Since the release of the Surface Pro 8 and several important upgrades, we’ve been waiting to see what Microsoft’s next hybrid laptop will look like.
Even though the Surface Pro 8 saw its debut just last year, we could be meeting the Surface Pro 9 in just a few months, if Microsoft sticks to its traditional update cycle.
Looking back to the Surface Pro 8, it fixed a couple of nagging flaws in the design and added in new elements, such as Thunderbolt connectivity and a 120Hz refresh rate, as well as being one of the first devices to run Windows 11 out the box.
So, with all that in mind, can the Surface Pro 9 come in as one of the better two-in-one devices from Mircosoft? Keep reading to find out everything we know about the Surface Pro 9.
Microsoft has not confirmed any release dates, though looking back at the previous Surface Pro releases, it’s likely that we will meet the next irritation in October, as that seems to be the company’s regular release cycle.
Again, since Microsoft has been pretty tight-lipped about the next hybrid laptop, we can only look back for an idea of this year’s pricing.
The Surface Pro 8 launched at £999/$999.99, with the Surface Pro 7 costing £909/$899.99. Keep in mind that neither model came with the Type Cover keyboard, which costs another £149.99/$129.99.
Assuming Microsoft sticks to the same formula, we would expect the price to be around the same as last year, if not a little more expensive thanks to general increases in the price of consumer tech affecting the industry as a whole.
Specs and features
Seeing as Mircosoft has not confirmed anything yet, we can only work off of rumours and speculation.
We would expect to see at least the same specs here as the Surface Pro 8, which included support for Thunderbolt 4 and charging via the USB-C ports. Thunderbolt 4 is significant for next-gen devices as it allows users to support up to two 4K displays at once, and can support up to 40Gbps data transfer.
This means with compatible hardware data transfer speeds will be significantly faster, which will be good news for creatives looking to do things like moving 4K video footage between devices.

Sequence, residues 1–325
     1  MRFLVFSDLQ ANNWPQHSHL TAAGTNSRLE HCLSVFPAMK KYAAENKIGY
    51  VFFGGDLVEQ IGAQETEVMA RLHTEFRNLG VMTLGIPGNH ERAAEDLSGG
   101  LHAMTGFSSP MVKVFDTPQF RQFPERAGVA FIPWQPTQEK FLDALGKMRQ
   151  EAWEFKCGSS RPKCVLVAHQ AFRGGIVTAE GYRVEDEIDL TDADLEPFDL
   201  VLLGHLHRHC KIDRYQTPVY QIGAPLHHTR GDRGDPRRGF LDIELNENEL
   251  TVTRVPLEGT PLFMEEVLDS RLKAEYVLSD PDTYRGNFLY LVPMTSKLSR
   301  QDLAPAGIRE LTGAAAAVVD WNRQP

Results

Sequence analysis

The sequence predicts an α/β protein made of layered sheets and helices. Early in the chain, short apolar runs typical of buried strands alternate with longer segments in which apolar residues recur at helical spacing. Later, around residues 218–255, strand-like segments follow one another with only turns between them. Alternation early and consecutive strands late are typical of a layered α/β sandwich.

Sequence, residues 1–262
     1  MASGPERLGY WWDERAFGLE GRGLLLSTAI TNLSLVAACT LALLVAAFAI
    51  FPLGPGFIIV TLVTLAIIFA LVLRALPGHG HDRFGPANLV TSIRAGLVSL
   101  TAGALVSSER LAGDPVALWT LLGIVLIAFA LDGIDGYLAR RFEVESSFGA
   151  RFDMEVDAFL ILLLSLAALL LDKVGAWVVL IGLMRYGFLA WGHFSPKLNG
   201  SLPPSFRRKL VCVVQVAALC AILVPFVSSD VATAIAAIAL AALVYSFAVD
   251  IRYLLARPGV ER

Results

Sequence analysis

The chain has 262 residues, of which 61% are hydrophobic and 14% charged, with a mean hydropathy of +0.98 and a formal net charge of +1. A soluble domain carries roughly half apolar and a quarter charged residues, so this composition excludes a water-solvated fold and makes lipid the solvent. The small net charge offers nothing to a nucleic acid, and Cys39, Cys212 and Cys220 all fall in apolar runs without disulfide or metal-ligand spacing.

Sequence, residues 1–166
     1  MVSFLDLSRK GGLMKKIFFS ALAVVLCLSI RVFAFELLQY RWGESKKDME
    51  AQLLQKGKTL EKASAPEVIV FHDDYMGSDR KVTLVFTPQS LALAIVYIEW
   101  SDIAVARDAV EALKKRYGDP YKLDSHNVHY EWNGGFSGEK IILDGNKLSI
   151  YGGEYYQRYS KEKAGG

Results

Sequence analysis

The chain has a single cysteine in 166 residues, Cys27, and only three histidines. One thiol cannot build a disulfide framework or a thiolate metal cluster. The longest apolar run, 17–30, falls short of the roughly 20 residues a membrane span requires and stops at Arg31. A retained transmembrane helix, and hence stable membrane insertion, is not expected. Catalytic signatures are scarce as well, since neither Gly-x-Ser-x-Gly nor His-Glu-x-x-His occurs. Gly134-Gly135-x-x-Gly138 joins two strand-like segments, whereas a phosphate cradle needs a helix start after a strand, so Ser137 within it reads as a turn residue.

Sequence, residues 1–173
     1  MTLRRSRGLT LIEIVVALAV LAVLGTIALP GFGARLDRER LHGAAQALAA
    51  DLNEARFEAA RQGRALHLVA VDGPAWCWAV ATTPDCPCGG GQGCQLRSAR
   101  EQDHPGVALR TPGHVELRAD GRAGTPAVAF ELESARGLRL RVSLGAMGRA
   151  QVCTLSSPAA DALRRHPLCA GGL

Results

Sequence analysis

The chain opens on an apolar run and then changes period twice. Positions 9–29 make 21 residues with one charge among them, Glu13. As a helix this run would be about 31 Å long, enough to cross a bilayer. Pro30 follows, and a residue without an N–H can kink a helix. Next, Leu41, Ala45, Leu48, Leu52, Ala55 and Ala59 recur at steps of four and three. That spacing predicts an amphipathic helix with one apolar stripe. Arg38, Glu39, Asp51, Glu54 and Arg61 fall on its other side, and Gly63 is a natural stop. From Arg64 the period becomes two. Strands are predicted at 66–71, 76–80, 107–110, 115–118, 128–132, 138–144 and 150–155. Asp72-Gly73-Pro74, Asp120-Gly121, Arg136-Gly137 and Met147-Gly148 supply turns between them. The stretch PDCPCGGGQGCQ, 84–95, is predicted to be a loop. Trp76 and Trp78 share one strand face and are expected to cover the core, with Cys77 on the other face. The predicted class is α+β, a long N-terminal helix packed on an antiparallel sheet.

The Pro 8 had a 13-inch display, which will likely stay the same, with a 120Hz adaptive refresh rate. The adaptive refresh rate will ensure the laptop works smoothly during heavy use, without wasting battery when the workload is less intensive.
The Microsoft Surface YouTube channel also recently uploaded a video on the new ‘Right to Repair’ rules. While it focuses on the Surface Laptop SE, we could see this rule being applied to future Surface products.
AMD has also officially unveiled its next generation of laptop processors, the Ryzen 6000 Series, which was announced at CES 2022. AMD laptop chips have been getting more mainstream every year. Last year we reviewed devices from big names including Dell, Asus and Lenovo with AMD options, so it wouldn’t be entirely beyond the realm of reason to see Microsoft will try and include the latest tech on its new laptops.
It would also make sense to see versions running Intel’s Alder Lake, as the 12th-gen processors will give a boost to the hybrid’s performance over its predecessor, based on our experience reviewing other devices running the chips.
Intel is also developing new Intel Arc Alchemist GPUs for laptops, with the release date marked for 30 March, meaning that we could see the inclusion of the company’s latest graphics cards, though as of yet, nothing has been confirmed about the specs of the next Surface Pro.
Since there is little concrete information on the Surface Pro 9, we can’t say anything definitive about the laptop, though we will be sure to update this article when Microsoft starts confirming details like the pricing, release date and specs.
While we don’t know a lot about the next Surface Pro 9, it looks like it could be a promising convertible tablet-come-laptop. Provided it at least matches the Pro 8 specs, we should see a high 120Hz adaptive refresh rate, which will come in handy during creative tasks.
I would hope to see the upgrade to OLED or even Mini-LED, since LCD panels are not as bright or adapt at colour accuracy, which will be important for anyone hoping to use this as a professional creative device. Having the keyboard and stylus come bundled with the Pro 9 will make it a lot more palatable, as the extra £200+ is a hard pill to swallow, especially since they are essential items that are needed to make the most out of the device.
But if it comes packed with a 12th-gen Intel CPU and can manage to keep its predecessor’s reliable battery life, this could be a great addition to the Surface Pro lineup.
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